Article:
LORENA CANTAROVICI: Maria Empanada is an American business, and it's a dream that came through an immigrant that came to this country trying to look for a better life. So this is not something that is made only by me. I have a team. And all those people have the same ethic, and they want to work hard, and they want to be part of this dream also. So, I don't want to forget that I'm an immigrant. And that's why I'm supporting this day.

    GADI SCHWARTZ: And you were saying that an immigrant started this. That's you. You came here with a backpack on. Tell me a little bit about that.

    CANTAROVICI: Just with a backpack, less than $300, and now I'm opening my third location very soon. I am giving job opportunities to people. I’m trying to motivate them every single day, and I'm part of the model of the small business economy here. So yeah, that's what we are doing.

    SCHWARTZ: And what does this mean to the people that work here? What have they told you?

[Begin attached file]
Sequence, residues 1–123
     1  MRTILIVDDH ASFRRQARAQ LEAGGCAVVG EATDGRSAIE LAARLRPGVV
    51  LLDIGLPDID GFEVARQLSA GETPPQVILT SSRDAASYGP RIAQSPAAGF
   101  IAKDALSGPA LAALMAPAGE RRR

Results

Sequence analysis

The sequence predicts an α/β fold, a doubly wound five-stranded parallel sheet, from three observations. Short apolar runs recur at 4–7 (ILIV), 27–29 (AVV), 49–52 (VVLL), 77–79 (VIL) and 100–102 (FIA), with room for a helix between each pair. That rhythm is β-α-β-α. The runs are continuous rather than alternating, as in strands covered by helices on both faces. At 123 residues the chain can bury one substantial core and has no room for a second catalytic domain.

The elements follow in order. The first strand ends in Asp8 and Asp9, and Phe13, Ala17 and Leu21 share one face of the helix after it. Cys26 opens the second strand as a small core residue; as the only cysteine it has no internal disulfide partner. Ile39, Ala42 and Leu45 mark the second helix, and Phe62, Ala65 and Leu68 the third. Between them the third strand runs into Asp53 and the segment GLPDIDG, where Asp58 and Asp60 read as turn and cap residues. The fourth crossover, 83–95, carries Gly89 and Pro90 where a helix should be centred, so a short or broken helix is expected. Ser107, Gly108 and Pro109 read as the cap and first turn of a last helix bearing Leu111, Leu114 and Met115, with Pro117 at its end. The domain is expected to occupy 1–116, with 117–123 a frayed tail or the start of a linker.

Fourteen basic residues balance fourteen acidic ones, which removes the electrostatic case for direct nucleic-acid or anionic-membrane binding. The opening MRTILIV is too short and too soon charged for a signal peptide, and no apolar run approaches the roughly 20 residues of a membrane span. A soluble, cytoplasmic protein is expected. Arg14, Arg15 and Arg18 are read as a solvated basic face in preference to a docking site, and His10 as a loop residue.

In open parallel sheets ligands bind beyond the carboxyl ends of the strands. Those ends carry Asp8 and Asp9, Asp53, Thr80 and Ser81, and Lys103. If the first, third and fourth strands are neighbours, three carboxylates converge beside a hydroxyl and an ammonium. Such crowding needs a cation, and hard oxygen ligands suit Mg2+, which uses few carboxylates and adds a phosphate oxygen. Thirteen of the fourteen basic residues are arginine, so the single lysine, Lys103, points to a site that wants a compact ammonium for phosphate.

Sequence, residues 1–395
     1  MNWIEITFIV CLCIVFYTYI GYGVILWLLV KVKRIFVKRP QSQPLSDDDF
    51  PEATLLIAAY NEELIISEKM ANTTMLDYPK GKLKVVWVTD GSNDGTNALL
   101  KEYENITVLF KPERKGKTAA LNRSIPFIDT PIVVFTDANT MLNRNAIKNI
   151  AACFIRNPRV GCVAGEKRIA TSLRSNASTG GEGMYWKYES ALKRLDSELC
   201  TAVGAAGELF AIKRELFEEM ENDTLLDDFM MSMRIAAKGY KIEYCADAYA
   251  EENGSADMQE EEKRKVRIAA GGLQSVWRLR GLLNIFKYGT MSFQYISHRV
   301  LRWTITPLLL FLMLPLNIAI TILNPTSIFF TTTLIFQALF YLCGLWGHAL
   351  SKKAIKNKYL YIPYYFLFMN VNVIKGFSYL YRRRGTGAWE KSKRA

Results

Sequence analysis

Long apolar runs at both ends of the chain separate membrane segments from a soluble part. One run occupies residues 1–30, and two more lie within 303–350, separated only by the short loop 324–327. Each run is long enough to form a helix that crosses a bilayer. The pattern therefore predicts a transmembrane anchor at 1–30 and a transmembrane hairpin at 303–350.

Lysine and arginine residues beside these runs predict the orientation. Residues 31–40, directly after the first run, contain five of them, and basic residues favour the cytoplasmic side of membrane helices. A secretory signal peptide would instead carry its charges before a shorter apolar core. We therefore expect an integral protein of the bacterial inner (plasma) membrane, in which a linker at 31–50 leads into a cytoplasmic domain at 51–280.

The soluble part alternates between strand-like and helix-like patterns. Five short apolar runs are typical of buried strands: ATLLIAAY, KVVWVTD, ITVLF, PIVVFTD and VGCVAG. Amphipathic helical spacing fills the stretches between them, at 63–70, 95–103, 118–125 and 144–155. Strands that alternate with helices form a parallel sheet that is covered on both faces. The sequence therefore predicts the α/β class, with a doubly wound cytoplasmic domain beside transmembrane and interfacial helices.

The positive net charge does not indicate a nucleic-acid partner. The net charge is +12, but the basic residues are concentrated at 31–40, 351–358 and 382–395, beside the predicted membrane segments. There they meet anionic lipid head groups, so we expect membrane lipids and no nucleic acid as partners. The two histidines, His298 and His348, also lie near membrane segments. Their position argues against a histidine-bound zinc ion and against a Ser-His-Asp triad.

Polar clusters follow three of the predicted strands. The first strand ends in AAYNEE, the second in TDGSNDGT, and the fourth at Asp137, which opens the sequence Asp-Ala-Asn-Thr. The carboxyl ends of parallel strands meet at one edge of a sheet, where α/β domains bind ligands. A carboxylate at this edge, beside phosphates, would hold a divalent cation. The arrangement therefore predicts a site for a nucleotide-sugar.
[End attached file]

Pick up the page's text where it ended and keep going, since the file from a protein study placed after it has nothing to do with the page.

CANTAROVICI: Well, the decision was made by all of us, and it was very important for me to hear my people, right? So this is a very specific way to demonstrate that immigrants here are very important, and a day without immigrants can create a very big impact. So this is a country that is made by immigrants. Imagine all of us making just a silence for a day? I decided to make a silence.

    Right-wing media figures, however, took to Twitter to criticize the protest. Conservative author Dinesh D’Souza asked, “Will illegals guarantee not to rob or murder any US citizens today? #DayWithoutIllegals.” Right-wing radio host Steve Deace tweeted that “we are not a nation of immigrants. We are a nation of citizens. #DayWithoutImmigrants.” Radio host Wayne Dupree wrote that “anyone falling for this stupid day should be deported”:

    As of 2013, “more than 41 million immigrants lived in the U.S.,” which makes coverage of immigration of crucial interest to a significant segment of the total population. Meanwhile, news outlets elevated nativist hate groups and their xenophobic sentiments throughout the 2016 presidential campaign and afterwards. Trump started his candidacy by calling Mexican immigrants “rapists” and criminals, and harassment against immigrants was the “top type of harassment reported” in a spike after Election Day. Despite reporting on “A Day Without Immigrants” for only 4 minutes, MSNBC set the bar for the protest’s cable coverage by highlighting an immigrant voice and covering the story throughout the day.

    Methodology

    Media Matters searched Snapstream’s CNN, MSNBC, and Fox News transcripts between 6 a.m. and 12 p.m. on February 16 for mentions of the word “immigrant” or the phrase “day without.”